A Whole Language.

I’m reading Dostoevsky’s Дневник писателя [A Writer’s Diary] with great pleasure — it’s what made him famous in the 1870s to a wider public than read his novels, and I can see why: it’s written in a lively, confiding style very different from the formality common to public pronouncements at the time, which strove rather to impress than to attract, and of course it’s always enticing to feel you’re getting an inside look at the life and thoughts of a famous person. I’ve just finished April 1876 and am already dreading the onslaught of mad apocalyptic prophecy (laced with copious outbursts of anti-Semitism) that’s going to come with the outbreak of the Russo-Turkish War. But I’m going to go back to 1873 and quote a passage from the second section of Маленькие картинки [Little pictures] in that year’s Diary, translated by Kenneth Lantz (for the Russian, search that link for “сквернословят вслух” — the passage goes from there to the end of the section); he’s discussing workingmen who get drunk on holidays and stagger in groups around Petersburg on holidays:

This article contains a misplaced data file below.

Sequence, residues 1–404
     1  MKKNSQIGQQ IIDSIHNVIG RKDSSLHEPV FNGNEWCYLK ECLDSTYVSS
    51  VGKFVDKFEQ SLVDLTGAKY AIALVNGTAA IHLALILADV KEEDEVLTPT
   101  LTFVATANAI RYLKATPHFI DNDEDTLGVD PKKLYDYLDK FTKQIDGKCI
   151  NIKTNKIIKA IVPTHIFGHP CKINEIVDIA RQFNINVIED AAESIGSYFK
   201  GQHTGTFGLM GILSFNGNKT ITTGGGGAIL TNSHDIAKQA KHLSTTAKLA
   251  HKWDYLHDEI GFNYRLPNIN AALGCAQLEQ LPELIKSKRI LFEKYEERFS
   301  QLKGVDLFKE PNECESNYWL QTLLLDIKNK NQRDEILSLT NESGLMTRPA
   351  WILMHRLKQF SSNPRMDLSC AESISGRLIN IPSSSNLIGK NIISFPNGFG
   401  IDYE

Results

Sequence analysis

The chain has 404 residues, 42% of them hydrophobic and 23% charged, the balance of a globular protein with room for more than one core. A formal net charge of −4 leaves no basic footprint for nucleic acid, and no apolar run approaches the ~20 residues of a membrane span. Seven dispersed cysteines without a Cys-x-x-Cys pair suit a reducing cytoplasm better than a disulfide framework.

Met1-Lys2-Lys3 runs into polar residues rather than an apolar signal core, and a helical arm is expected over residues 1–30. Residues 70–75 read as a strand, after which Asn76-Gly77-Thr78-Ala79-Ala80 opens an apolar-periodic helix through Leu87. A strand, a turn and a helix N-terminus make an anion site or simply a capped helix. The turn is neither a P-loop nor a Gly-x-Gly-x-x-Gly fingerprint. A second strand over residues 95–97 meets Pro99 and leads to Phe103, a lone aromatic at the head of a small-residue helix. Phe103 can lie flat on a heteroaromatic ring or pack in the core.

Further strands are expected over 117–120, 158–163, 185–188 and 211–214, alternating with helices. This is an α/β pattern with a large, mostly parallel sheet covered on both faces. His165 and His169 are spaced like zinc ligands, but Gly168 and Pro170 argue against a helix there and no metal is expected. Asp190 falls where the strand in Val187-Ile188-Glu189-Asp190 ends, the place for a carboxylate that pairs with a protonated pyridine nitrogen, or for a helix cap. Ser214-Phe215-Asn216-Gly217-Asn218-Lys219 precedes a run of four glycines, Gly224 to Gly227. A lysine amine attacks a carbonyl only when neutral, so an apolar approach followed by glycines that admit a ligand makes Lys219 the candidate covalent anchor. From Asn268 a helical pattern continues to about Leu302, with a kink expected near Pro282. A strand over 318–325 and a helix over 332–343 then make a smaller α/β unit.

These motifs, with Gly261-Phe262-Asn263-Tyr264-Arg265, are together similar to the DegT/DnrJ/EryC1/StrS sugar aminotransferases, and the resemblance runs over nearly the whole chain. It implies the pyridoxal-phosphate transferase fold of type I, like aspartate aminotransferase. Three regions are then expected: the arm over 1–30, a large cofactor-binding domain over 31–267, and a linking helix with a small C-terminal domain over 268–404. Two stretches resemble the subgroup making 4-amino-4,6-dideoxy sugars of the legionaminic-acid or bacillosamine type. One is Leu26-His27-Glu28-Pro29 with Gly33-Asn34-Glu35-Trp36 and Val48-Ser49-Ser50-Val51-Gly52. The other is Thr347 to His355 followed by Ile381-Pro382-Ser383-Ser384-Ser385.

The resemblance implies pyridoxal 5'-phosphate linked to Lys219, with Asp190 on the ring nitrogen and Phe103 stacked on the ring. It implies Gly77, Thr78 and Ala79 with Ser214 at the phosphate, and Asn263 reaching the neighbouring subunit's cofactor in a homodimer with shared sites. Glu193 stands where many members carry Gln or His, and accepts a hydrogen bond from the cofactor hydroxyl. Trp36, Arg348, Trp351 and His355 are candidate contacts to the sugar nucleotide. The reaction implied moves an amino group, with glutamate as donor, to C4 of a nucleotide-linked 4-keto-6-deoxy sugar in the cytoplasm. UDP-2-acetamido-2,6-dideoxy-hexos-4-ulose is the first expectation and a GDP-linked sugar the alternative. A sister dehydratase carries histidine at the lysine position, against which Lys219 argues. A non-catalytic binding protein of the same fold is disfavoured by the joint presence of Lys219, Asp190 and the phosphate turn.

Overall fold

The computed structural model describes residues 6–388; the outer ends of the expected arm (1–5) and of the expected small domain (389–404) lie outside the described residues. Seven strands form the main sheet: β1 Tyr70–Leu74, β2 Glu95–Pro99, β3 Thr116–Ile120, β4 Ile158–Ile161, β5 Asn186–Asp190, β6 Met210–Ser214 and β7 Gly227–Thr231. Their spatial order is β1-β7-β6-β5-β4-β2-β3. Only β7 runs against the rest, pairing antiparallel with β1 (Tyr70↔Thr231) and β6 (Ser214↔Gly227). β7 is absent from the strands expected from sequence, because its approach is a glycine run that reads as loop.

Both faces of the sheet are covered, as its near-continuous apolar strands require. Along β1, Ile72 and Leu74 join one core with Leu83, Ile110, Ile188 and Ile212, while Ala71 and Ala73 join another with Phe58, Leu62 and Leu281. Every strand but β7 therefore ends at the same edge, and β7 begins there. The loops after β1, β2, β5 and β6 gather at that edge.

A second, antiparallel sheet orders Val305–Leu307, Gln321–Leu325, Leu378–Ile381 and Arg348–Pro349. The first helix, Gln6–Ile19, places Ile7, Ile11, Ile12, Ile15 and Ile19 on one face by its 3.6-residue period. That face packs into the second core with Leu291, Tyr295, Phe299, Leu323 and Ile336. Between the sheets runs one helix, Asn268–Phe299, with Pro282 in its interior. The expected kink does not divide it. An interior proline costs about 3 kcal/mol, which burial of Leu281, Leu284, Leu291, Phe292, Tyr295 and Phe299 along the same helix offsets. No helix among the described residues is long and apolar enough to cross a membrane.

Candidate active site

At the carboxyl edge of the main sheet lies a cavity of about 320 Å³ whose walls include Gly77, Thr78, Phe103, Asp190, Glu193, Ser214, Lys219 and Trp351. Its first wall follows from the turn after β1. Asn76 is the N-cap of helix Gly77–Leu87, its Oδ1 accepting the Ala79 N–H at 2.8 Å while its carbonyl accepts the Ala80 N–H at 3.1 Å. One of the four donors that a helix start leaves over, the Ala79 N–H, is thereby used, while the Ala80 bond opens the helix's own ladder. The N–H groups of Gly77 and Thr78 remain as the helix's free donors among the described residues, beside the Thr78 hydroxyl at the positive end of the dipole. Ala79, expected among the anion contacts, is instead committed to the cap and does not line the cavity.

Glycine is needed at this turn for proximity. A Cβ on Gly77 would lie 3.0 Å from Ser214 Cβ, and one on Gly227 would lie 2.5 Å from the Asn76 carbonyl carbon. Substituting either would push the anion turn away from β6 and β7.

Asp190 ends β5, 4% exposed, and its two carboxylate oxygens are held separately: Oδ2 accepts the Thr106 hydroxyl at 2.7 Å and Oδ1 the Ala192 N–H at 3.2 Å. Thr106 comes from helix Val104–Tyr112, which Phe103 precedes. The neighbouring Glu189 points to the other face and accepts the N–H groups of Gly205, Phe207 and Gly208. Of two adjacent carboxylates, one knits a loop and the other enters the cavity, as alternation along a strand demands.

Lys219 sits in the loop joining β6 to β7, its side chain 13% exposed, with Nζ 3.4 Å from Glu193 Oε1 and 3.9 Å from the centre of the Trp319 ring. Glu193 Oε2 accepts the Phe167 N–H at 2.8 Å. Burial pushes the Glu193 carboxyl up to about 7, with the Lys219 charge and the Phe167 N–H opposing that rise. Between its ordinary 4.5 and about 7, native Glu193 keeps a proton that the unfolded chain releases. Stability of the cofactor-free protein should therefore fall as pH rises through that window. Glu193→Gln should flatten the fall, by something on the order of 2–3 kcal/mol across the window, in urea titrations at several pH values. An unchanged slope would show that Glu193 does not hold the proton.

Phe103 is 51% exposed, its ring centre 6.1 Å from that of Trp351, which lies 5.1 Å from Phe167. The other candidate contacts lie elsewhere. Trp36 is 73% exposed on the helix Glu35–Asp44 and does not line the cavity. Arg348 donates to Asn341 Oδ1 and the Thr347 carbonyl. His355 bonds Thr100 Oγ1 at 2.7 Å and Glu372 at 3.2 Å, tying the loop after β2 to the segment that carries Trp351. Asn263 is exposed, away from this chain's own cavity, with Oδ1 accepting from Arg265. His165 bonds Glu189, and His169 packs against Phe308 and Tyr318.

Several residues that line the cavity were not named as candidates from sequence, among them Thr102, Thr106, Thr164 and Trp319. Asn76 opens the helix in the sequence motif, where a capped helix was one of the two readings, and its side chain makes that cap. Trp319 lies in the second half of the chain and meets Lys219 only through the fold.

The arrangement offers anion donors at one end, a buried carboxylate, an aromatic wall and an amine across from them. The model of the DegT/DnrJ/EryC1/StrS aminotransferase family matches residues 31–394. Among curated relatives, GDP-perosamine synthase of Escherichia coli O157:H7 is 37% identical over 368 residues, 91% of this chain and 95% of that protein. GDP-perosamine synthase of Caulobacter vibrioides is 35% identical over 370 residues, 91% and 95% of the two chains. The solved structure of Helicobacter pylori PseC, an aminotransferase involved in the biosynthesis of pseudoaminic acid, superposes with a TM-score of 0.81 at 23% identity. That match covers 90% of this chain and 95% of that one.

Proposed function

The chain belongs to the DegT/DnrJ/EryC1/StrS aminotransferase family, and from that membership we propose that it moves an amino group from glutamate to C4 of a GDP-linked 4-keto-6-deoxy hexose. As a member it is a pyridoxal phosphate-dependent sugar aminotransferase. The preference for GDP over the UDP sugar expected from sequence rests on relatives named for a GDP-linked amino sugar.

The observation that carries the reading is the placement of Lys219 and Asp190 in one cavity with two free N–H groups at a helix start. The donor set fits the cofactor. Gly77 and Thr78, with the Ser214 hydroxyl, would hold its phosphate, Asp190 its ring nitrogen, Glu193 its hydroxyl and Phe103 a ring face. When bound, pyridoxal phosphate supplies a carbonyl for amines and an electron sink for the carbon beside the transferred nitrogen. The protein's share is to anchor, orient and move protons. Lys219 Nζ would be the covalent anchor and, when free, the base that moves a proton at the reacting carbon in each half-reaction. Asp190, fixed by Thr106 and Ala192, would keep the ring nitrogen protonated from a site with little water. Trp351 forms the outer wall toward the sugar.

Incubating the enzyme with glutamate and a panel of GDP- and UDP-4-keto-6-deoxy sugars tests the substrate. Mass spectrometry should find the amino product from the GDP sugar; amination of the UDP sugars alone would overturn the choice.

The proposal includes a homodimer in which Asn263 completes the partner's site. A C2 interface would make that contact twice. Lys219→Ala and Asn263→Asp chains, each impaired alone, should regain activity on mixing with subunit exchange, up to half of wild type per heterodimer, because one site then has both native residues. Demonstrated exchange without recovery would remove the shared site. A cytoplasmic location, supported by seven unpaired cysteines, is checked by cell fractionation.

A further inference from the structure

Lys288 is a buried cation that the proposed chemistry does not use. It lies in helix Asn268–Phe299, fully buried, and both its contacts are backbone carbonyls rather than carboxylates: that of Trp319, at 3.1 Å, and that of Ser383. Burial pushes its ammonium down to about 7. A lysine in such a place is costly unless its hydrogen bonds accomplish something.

They curse out loud despite the crowds of women and children they pass; and this not from rudeness but just because a drunken man can have no other language than a foul one. And this really is a language, a whole language—as I recently became convinced; it is the language most convenient, original, and best suited for one who is drunk or even tipsy, so that it absolutely had to come into being; and if it did not exist—il faudrait l’inventer. I’m quite serious here. Just consider. As we know, the first thing that happens to a drunken person is that his tongue becomes tied and moves sluggishly; however, the flow of thoughts and sensations of a drunken man—or at least of anyone who is not as drunk as a cobbler—increases by almost ten. And therefore there is a natural need to find the sort of language that can satisfy both these, mutually contradictory, states. Ages and ages ago this language was found and accepted all over Russia. Purely and simply, it is one noun not found in the dictionary, so that the entire language consists of but one word that can be pronounced with remarkable ease. One Sunday, quite late in the evening, I happened to be walking some fifteen paces away from a group of six drunken tradesmen; suddenly I realized that it was possible to express all thoughts, sensations, and even entire, profound propositions using only this one noun which, besides, has very few syllables. One of the lads first pronounces this noun sharply and forcefully to express his scornful dismissal of something they had been discussing earlier. Another replies by repeating this same noun, but now in quite a different tone and sense—specifically, in the sense that he thoroughly doubts the expediency of the first lad’s denial. A third one becomes indignant at what the first has said; sharply and excitedly, he gets into the discussion, shouting out this same noun, but now in the sense of disparagement and abuse. The second fellow again interrupts, angry at the third, who’s offended him, and stops him as if to say: “Why do you have to stick your oar in, chum? We’ve been having quite a discussion here; what d’you mean by getting on to our Filka!” And this whole notion he expressed by using this same forbidden word, this same monosyllabic name of a certain object, and raised his hand to take the third fellow by the shoulder. But then, suddenly, the fourth lad, the youngest of the group, who had kept silent to this point but who probably had found the solution to the original problem that had caused the dispute, raised his arm and shouted. . . . “Eureka!” you might think. “I’ve got it! I’ve got it!” No, it wasn’t eureka, and he hadn’t got it. He only went on repeating this same noun, not found in the dictionary; just one word, only a single word, but with delight, with a scream of rapture, and, it seems, a little too exuberantly, because the sixth, a morose fellow and the eldest of them, didn’t like the sound of it and at once put a stop to the youngster’s delight by turning to him and repeating in a gloomy, didactic bass . . . that same noun which isn’t mentioned in the presence of ladies and which clearly and accurately signified: “What’re you bawling about?” And so, without having said anything else at all, they repeated this same little word of theirs six times in succession and understood one another completely. This is a fact that I witnessed myself. “Have mercy!” I shouted at them suddenly, without knowing why (I was in the middle of a crowd of people). “You’ve not walked more than ten paces and you’ve used (and I used the word) six times! That’s disgraceful! Aren’t you ashamed of yourselves?”